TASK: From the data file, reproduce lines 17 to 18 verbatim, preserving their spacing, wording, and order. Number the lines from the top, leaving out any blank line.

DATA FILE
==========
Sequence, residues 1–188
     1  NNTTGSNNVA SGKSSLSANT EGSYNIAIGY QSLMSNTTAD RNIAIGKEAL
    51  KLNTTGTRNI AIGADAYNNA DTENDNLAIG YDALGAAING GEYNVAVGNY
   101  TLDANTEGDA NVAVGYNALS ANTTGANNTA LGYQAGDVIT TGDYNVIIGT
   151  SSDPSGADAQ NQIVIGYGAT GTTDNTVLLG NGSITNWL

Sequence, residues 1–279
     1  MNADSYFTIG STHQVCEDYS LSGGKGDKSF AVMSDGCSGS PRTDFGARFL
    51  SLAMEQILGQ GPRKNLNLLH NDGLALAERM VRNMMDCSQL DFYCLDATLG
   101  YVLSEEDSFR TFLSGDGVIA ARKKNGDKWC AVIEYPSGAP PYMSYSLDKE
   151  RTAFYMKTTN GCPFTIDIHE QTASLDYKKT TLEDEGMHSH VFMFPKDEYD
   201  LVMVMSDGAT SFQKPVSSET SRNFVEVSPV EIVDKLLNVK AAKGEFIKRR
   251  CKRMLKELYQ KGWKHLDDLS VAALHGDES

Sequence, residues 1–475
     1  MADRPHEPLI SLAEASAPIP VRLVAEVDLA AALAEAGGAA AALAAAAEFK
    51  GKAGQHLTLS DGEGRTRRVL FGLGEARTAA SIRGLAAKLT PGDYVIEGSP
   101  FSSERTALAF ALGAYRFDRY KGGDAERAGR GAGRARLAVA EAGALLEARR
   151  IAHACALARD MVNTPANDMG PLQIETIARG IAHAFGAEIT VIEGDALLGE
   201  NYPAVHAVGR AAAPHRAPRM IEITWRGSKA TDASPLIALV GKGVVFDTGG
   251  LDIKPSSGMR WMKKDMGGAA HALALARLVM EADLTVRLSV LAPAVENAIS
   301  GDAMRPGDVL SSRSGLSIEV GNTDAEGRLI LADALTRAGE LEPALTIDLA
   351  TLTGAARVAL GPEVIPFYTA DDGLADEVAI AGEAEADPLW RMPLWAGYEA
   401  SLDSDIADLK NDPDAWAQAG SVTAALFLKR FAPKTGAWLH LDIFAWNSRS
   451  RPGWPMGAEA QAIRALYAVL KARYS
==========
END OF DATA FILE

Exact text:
   151  IAHACALARD MVNTPANDMG PLQIETIARG IAHAFGAEIT VIEGDALLGE
   201  NYPAVHAVGR AAAPHRAPRM IEITWRGSKA TDASPLIALV GKGVVFDTGG